Starting a new job can feel like the first day of school all over again — except you can’t count on any quarterly report cards to tell you where you stand.
So how should a newbie navigate these bewildering first months?
When Influencer Angela Ahrendts started anew as the senior vice president of Apple Retail, she shared this poignant advice after about two months on the job: “[T]rust your instincts and emotions. Let them guide you in every situation; they will not fail you. Never will your objectivity be as clear or your instincts sharper than in the first 30-90 days. Cherish this time and fight the urge to overthink.”
We delve deeper into this critical time in our latest series on LinkedIn, My First 90 Days, as Influencers from Richard Branson to Deepak Chopra reveal how they survived their first three months on the job.
Given that the average worker will stay at his job for less than 5 years (according to the U.S. Bureau of Labor Statistics), there will be plenty of first days to experience.
YOUR TURN: What do you wish you had known when you were starting a new job? What could have made your first few months as a new hire more successful?
Whether you’re starting a new job or simply recalling your own first days, check out some of these tips — and then add your own by publishing a post on LinkedIn. Please use the hashtag #First90 somewhere in the body (not the headline) of your post.
Here’s what the Influencers had to say:
Listen, and write everything down.
Not many professionals will experience 400 first days, so take it from someone who has — Richard Branson.
Amid the blur of new faces to remember and information to digest, staying organized is key. Even a brilliant mind like Branson finds value in jotting things down: “Whether it’s in an old-fashioned notebook like I favour, or on your iPhone, record what you learn and add your own observations too. You’ll soon have a priceless resource to build upon.”
If it works for Branson…
Don’t get pegged as the office “golden child.”
You’ll make your first months harder if you’re seen as a “know-it-all who is trying to be management’s new favorite,” J.T. O’Donnell writes. Consider dialing things back a bit until you gain your footing. But whatever you do, “don’t step on the toes of employees who have been there longer.”
Suck up to the right people.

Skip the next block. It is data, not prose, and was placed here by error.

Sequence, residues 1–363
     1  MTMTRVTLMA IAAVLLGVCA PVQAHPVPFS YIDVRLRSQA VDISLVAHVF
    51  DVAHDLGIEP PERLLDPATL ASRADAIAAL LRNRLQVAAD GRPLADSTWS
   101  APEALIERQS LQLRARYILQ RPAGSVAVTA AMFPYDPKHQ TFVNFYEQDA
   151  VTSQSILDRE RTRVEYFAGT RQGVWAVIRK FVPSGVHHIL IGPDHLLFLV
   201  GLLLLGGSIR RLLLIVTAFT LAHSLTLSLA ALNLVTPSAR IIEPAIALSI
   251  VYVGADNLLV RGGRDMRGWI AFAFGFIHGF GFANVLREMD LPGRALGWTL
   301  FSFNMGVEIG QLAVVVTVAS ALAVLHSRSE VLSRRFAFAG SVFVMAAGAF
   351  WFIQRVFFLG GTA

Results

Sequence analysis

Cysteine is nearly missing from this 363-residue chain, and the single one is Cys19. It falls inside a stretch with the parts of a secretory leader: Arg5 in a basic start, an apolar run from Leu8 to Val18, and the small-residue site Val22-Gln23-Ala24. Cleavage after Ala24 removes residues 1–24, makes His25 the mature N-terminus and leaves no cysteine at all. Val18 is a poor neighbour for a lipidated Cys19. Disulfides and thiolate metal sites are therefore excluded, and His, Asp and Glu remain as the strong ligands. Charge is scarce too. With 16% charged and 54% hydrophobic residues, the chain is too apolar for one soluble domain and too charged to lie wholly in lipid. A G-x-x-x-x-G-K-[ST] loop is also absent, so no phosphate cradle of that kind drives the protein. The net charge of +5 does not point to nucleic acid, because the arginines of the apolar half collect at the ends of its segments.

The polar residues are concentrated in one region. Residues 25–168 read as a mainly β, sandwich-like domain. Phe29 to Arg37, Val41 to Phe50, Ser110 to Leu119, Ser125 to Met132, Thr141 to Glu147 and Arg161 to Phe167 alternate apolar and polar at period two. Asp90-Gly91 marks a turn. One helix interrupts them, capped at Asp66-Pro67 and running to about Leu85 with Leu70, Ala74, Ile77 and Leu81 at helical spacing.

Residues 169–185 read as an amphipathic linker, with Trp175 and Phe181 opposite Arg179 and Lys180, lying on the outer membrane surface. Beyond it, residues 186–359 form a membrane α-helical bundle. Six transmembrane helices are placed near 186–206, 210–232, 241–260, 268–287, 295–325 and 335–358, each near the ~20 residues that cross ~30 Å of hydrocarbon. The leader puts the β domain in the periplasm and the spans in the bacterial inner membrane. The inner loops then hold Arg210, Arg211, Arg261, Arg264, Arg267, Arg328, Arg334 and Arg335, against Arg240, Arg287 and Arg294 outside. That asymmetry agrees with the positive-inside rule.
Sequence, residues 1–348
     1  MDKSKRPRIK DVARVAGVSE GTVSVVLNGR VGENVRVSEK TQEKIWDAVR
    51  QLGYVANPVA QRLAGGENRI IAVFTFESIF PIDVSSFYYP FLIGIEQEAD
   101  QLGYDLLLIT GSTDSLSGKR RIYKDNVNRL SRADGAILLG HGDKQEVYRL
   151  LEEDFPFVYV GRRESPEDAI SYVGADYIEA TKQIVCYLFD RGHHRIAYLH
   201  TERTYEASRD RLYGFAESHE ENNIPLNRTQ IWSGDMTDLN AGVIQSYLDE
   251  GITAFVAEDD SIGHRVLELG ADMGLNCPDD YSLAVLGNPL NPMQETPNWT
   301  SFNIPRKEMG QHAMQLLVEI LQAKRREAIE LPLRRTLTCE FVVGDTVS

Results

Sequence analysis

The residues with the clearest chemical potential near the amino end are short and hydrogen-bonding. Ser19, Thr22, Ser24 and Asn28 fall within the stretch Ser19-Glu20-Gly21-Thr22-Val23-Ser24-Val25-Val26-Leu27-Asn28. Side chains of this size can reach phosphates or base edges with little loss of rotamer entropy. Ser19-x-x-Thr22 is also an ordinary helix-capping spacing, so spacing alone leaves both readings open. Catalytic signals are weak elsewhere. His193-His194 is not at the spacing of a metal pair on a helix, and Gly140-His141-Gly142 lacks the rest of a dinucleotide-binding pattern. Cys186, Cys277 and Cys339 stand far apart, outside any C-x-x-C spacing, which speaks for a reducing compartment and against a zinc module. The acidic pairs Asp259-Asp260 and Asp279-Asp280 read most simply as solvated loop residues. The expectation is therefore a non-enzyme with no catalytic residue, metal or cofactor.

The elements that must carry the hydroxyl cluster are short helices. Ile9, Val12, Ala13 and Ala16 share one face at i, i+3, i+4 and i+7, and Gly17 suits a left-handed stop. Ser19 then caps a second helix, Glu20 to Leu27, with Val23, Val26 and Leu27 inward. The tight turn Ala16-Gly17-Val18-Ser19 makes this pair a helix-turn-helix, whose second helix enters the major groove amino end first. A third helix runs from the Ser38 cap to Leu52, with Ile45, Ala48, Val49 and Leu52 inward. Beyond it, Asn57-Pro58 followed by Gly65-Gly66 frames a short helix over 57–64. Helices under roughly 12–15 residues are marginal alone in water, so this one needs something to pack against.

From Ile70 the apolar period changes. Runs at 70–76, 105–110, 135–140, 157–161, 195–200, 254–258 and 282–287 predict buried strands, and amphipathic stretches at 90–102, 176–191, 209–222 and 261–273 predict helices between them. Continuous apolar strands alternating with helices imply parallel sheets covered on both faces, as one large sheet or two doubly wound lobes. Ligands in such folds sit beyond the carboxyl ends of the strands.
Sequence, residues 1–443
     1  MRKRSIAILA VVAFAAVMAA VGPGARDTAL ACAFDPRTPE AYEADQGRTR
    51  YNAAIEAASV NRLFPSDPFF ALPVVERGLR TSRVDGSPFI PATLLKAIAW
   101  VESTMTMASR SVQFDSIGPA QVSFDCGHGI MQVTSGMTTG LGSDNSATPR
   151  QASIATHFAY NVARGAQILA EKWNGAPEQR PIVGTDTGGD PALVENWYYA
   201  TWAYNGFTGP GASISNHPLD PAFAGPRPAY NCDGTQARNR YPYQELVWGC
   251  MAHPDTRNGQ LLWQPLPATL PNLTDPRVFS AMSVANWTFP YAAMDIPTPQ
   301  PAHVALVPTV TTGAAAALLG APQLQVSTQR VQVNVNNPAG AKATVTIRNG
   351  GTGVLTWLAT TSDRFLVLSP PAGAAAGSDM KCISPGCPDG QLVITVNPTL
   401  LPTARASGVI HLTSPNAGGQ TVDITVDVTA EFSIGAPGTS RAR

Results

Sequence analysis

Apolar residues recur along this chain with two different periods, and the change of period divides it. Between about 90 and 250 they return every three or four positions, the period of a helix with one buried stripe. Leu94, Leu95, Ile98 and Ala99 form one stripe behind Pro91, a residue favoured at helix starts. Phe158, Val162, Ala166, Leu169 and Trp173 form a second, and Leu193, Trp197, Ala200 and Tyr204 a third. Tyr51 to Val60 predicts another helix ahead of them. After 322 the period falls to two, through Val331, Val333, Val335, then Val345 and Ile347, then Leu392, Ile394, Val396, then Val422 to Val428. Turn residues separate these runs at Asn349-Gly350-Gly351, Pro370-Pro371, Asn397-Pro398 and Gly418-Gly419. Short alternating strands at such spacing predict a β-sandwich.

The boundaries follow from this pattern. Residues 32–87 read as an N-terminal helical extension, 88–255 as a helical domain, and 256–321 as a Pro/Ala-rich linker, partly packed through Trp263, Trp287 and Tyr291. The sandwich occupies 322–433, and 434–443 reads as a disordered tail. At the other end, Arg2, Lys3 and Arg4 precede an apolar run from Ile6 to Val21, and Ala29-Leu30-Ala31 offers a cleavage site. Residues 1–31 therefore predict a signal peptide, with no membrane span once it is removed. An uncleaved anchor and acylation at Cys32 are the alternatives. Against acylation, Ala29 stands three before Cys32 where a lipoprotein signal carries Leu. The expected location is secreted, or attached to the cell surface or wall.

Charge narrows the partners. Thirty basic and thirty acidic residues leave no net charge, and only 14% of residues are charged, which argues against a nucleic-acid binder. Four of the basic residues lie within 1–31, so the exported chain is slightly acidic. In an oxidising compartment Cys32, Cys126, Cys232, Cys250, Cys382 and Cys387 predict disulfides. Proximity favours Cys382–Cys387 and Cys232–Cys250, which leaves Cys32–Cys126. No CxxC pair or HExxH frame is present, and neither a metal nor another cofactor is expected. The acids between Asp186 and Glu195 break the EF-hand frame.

Left your badge at home (again)? Forgot your password (again)? You probably aren’t going to be running to your boss for help. As you seek to impress your new colleagues, don’t forget to befriend — and stay on the good side of — the people who keep the office running. As Guy Kawasaki points out:
Begin working before your official start date.
As tempting as it is to squeeze in that last-minute vacation before your official start date, consider diving right into the fray like Maynard Webb did.
Less than a week before Webb was to start at eBay, then-CEO Meg Whitman called him: “We are in crisis, you have to be here sooner.” In the days leading up to his official start date, Webb recounts buying a house in a day (without having time to show his family beforehand), pulling all-nighters, and more.
Though those harrowing first days were an admittedly atypical onboarding experience, Webb learned some valuable lessons that have served him well: “Take 20 minutes every day for the first week or two to investigate how it is going. You can instantly tell if someone is struggling or succeeding and iterate to make things work more smoothly. Always ask, ‘What do you need from me?’”
Plan 3 months’ worth of lunch dates.
Even if it feels like you’ll never find enough time in the day, invite your new colleagues to lunch. “It’s not about the lunch and it doesn’t have to be lunch,” Menlo College President Richard Moran writes. “What you are doing is listening. You are asking questions to learn as much as you can so that you can then do something.”
Never say no. Say “let me try” instead.
As you get settled in your new role, chances are you’ll feel in over your head. Understandably, volunteering for new challenges will probably be your last priority. Kiip founder Brian Wong has a different approach:
Before those 90 days start, master self-care.
No job is worth sacrificing your well-being. Deepak Chopra learned this difficult lesson during his first 90 days as an ER doctor in the U.S. He writes: “The pay was poor, the hours long, the stress sometimes overwhelming.”
As you focus on always doing the right thing in your new job, here’s what Chopra says not to do:
Accept that you won’t change the world in 3 months.
Rome wasn’t built in a day, or in 90. So why do you keep pressuring yourself to not only live up to everyone’s expectations but exceed them? Entrepreneur Inge Geerdens has seen this cycle repeat itself over and over again: your overzealousness is followed by a sense of despair.
In the coming weeks, look for more advice from these other Influencers.
- Elliot S. Weissbluth, CEO at HighTower: Part 2 of the Interview Is Just Beginning
- Adam Goldstein, President and COO at Royal Caribbean: Do You Know the Difference Between Gossiping and Gaining Info?
- Sunil Paul, SideCar CEO and Co-Founder: Always Show the Real You
- Tom Monahan, Chairman and CEO at CEB: New Leaders Cannot (and Should Not) Succeed Alone
What have you done right — and wrong — during your first 90 days on the job?What are some specific strategies for adapting to a new company culture? What tips do you have for mastering the learning curve?
Or if you’re just beginning a new job, why not walk us through your 90-day journey?
Please use the hashtag #First90 somewhere in the body — not the headline — of your post.